Feast of Our Lady of Guadalupe
The Feast of Our Lady Guadalupe is commemorated on December 12 by Mexican American and Latinx communities in the United States. It is a Catholic holiday in honor of the Virgin Mary, who is the patron saint of Mexico, one of the most important religious devotions for Mexican people, and a national symbol of the country, as well as the Patroness for the Americas.
This is a very popular religious feast with Americans of Mexican heritage, especially in the Southwestern states of America.
The Feast of Our Lady Guadalupe is not a public holiday in the United States, and as such businesses and schools remain open.
The Feast of Our Lady Guadalupe celebrates the apparition of the Virgin Mary to a Mexican man in 1531.
Stroy goes that during a very cold winter, a man named Juan Diego was on his way to morning mass when he heard a woman calling him. Curious to see who was calling his name he climbed the Tepeyac Hill and found a woman that appeared to be an Aztec Indian like himself, who told him she was the Virgin Mary. The apparition asked him to tell the Bishop of Mexico City to build a church on the Tepeyac Hill to help convert Mexicans to Catholicism.
The Bishop did not believe Juan Diego when he told him about the apparition and asked him for some proof from the woman that she really was the Virgin Mary. When Juan returned to the Virgin Mary, on the morning of December 12, with this request, she made roses spring from the snow and arranged them in Juan's cloak with her hands. As he went to the Bishop to show him this proof, he opened his cloak to reveal that an image of Our Lady was imprinted on his cloak. This converted the Priest's opinion, and construction for a new Church was immediately started on the spot on the hill where Juan had seen the Virgin Mary.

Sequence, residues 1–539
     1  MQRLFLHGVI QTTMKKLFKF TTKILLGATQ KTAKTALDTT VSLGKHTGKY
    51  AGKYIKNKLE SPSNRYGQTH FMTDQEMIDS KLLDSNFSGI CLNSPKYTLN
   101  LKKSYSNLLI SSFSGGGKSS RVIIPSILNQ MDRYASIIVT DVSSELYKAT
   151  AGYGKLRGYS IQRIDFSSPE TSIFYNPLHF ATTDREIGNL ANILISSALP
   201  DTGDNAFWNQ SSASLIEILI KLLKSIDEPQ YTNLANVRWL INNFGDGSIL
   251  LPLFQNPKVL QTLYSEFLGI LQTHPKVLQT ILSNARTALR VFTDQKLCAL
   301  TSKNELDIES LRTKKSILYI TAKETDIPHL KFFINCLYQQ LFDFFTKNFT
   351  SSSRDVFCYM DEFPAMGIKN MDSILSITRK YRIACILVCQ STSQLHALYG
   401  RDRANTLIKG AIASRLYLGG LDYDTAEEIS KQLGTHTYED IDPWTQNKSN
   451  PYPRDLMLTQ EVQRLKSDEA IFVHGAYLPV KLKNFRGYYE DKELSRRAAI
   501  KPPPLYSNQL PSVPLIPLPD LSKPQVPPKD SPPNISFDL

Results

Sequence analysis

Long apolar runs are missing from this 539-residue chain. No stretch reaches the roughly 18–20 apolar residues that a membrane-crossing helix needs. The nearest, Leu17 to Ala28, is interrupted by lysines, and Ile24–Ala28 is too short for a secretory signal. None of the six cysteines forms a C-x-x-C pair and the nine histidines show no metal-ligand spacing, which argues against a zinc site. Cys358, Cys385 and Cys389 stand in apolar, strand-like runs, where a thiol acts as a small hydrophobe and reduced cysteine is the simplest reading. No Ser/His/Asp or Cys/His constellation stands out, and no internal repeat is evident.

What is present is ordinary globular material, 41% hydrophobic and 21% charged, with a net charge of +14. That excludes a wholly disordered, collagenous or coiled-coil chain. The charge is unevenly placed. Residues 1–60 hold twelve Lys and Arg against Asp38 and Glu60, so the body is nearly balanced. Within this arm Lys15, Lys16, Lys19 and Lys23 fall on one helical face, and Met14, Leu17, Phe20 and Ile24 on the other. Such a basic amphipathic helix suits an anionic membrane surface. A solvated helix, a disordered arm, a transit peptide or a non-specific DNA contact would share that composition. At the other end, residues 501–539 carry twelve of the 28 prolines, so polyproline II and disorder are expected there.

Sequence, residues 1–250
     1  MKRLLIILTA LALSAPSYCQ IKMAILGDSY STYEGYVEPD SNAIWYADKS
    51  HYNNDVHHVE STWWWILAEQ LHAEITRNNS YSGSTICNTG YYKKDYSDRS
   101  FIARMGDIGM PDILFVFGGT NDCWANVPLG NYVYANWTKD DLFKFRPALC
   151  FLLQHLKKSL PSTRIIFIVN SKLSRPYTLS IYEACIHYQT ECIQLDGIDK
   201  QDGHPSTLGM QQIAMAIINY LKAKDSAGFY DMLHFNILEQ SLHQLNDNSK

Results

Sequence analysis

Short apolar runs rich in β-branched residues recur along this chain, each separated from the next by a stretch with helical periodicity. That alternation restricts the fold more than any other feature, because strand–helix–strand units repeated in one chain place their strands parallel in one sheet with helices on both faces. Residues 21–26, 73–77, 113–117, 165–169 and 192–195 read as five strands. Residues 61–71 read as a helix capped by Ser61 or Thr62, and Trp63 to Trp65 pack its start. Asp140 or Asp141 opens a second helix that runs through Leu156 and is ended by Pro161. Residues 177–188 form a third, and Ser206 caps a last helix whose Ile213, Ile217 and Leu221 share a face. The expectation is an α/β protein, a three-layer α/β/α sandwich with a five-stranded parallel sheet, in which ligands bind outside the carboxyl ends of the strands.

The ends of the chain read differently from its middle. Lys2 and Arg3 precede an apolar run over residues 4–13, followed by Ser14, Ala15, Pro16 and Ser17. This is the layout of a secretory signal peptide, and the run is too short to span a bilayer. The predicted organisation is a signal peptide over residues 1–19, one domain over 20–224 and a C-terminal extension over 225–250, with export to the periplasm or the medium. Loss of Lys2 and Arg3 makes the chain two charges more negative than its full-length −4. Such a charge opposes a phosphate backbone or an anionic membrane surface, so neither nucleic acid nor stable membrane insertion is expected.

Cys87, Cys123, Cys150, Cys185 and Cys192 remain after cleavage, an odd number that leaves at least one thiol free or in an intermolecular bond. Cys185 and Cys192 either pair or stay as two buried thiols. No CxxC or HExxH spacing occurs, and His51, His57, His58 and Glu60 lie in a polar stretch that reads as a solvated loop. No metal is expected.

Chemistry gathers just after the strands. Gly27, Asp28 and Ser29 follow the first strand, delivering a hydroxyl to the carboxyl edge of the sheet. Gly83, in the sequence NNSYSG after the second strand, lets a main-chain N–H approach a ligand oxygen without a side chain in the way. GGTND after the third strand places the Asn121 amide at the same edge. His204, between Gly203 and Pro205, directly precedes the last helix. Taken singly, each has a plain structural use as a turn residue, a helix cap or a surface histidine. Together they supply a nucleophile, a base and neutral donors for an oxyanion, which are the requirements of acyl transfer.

The Feast of Our Lady Guadalupe in the United States
For Mexicans and Mexican-Americans the Virgin Mary, or Virgin of Guadalupe, is a strong symbol of their identity and devotion, and an inspiration not only for the faithful Catholics but for artists and activists alike. This is why Mexican and Latinx communities in the United States celebrate this Catholic Feast with fervor and colorful processions.
All around America, from larger cities such as Los Angeles, to smaller towns like Mason City, Mexican Americans proudly display one of the most important symbols of their heritage and culture. Even to those who are not necessarily Catholics, the Lady of Guadalupe signifies a strong bond with their identity and acts as a kind of talisman.
How to celebrate the Feast of Our Lady Guadalupe
On this day, across the United States, there are colorful parades and processions in honor of the Virgin Mary. People carry flowers and banners with the image of the Virgin of Guadalupe, as well as American and Mexican flags.
Parishes with a large Mexican American congregation celebrate special Masses and prayers to commemorate this feast day. After Mass, people and families gather together to share a meal, on tables decorated with pink, blue, green, and red flowers.